As supporters of safe and sensible mining, we find serious flaws with AB1 / SB1 as it stands:
- The bill does nothing to guarantee that jobs will be created in Wisconsin.
- The bill opens the entire state to mining and plays favorites by placing the needs of the mining industry above every other economic sector.
- The bill forces our businesses to subsidize mining companies’ profits.
- The bill does nothing to mitigate the boom-and-bust cycle that Wisconsin has already experienced during the early days of the timber industry and earlier mining enterprises.
- The bill exposes taxpayers to costly lawsuits.
The following provisions should be incorporated into the bill:
Mining companies should prove they’ll create good jobs in Wisconsin.
The word “jobs” does not appear in the Legislative Council’s summary of the bill, and it appears only once in the bill itself. The current version of the bill has no way to guarantee that a single Wisconsin job will be created. Clearly, job creation and retention were not a top priority for this bill’s authors.
The bill should require mining companies’ permit applications to describe, in detail, how many jobs will be created at a particular mine, what the work will entail, and what the pay scale and working conditions will be.
The bill should balance the mining industry’s needs with those of other sectors.
While discussions surrounding this bill have been focused on an iron mine in the Penokee Hills, the bill actually opens up the entire state to mining activity with little oversight or regulation. Businesses statewide – particularly those businesses involved with agriculture, tourism, and outdoor recreation – rely on common-sense safeguards for our soil, air, and water. Deregulating the mining industry to the detriment of other industries is short-sighted and counter-productive.
Our businesses should not be forced to subsidize mining companies’ profits.
This bill does not require mining companies to protect or restore soil, air quality, groundwater, or surface water; it only requires companies to be “committed” to conducting mining activities in accordance with their permits. Talk is cheap, but cleanups are expensive. The bill allows mining companies to profit and then push cleanup costs onto taxpayers – including our businesses. The bill should be modified to hold mining companies, rather than taxpayers, accountable for all cleanup costs.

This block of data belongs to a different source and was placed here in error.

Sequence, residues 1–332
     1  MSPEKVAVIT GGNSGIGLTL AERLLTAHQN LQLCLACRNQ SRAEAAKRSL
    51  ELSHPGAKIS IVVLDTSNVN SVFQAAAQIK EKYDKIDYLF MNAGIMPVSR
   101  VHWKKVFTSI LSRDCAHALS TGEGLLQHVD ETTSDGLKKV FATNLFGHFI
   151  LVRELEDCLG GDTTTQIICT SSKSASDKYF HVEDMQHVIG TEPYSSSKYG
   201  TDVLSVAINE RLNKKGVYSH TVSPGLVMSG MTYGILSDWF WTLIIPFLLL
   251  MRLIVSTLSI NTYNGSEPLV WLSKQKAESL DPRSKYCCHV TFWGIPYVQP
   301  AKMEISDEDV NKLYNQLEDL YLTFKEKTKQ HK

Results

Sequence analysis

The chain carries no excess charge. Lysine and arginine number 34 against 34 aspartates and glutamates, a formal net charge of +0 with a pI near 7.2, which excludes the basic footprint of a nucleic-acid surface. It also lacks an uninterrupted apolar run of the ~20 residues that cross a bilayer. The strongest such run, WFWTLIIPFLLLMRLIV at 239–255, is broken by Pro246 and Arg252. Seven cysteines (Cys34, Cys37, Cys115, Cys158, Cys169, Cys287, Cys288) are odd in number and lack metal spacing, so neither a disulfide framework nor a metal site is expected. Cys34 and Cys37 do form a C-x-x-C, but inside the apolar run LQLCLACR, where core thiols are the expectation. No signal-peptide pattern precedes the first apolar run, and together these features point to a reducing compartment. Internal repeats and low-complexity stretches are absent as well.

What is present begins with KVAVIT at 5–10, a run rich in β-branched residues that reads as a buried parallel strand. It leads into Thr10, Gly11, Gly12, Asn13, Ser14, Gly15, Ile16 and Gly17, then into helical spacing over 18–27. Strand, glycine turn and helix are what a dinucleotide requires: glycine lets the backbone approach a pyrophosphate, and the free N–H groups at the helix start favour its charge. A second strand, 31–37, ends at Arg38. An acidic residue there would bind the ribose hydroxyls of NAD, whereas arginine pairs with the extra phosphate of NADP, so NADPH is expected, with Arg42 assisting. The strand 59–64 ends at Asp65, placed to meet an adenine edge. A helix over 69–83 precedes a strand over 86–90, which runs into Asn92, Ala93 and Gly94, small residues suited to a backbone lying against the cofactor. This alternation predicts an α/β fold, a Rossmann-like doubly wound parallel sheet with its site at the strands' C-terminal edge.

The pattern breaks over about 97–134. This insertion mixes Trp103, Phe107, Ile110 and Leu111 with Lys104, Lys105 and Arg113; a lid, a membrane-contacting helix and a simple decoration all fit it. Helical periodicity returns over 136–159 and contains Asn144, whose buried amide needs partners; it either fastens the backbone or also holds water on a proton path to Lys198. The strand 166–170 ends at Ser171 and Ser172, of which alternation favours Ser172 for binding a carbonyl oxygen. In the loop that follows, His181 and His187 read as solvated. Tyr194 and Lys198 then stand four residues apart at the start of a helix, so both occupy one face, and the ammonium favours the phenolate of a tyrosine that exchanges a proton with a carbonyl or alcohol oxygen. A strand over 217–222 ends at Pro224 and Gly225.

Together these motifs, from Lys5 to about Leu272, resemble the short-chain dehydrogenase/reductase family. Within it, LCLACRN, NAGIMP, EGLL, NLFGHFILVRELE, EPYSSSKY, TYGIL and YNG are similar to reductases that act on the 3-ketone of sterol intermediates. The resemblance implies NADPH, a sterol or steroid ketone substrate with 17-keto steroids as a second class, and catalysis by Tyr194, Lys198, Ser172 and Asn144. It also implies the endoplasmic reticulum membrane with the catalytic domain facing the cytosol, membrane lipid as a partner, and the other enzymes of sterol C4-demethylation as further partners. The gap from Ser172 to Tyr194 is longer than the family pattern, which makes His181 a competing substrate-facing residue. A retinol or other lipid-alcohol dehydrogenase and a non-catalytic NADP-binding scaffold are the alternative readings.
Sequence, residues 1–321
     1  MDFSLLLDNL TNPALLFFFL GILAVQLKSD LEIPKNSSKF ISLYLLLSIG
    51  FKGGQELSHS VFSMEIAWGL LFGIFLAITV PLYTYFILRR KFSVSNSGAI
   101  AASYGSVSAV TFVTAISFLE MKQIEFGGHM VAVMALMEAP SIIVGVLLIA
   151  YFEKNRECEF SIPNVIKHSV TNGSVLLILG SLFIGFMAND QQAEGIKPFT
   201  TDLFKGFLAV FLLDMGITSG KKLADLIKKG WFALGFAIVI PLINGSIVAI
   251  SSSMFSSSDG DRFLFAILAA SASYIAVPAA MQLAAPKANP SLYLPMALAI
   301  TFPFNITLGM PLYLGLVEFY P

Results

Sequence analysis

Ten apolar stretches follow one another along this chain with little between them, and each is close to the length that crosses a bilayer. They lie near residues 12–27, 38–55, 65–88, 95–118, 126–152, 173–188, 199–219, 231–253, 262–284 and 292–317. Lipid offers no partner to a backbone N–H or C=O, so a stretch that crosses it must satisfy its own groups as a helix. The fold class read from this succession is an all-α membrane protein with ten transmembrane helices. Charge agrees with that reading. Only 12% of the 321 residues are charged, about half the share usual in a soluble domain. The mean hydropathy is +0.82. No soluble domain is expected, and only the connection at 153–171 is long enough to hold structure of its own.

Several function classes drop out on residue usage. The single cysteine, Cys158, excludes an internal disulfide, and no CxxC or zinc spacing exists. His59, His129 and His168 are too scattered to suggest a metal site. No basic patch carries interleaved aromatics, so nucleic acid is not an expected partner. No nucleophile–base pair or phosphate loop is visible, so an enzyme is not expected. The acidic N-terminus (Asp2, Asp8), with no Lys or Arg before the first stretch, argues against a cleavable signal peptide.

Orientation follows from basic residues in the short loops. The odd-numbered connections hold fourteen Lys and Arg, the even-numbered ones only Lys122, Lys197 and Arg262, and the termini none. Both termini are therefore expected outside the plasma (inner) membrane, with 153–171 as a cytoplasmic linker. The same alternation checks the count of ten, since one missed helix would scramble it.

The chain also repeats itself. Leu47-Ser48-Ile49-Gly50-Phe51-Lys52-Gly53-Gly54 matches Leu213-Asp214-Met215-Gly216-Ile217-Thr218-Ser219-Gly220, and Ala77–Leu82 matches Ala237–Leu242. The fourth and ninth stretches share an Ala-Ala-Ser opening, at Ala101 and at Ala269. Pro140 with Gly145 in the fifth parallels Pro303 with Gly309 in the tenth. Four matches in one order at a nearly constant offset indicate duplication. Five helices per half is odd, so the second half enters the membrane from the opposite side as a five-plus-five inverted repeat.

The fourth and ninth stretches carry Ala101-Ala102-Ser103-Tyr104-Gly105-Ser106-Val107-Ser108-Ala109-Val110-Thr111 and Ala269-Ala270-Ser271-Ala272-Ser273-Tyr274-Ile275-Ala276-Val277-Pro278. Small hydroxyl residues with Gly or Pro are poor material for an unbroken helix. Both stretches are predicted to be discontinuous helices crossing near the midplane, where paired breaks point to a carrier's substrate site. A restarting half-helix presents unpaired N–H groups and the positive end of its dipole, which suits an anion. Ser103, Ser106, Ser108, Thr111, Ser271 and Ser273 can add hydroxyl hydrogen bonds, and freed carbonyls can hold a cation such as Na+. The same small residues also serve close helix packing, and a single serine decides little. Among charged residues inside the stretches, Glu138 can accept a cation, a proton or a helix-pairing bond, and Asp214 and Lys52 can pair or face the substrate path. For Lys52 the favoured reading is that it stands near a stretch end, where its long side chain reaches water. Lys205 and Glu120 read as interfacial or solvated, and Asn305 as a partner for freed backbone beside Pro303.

Mining should be the first step in a long-term economic development program.
Wisconsin has already endured the boom-and-bust cycle of the timber industry and earlier mining enterprises, and a responsible mining bill will prevent that cycle from repeating itself. The bill should be modified to require mining companies to work with local and state governments to improve affected communities’ long-term economic resilience through such measures as investing in area schools, expanding internet access and other local infrastructure, and offering job retraining to mine workers as the mine nears closure.
The bill should align with federal and tribal law.
Our state has enough financial troubles; we don’t need to pile on costly court expenses. It’s a waste of time and taxpayer money to pass a bill that’s out of synch with federal timelines and out of compliance with tribal law. The bill should take federal timetables into account to allow for money-saving data sharing and coordination between state and federal officials.
With appropriate safeguards, mining can play a part in Wisconsin’s economic recovery.
Take a few minutes right now to contact your State Senator and Assembly Representative (find their names and contact info here) and let them know what you think!
Please explore this site to learn more about the newly formed Wisconsin Business Alliance. You can join us here.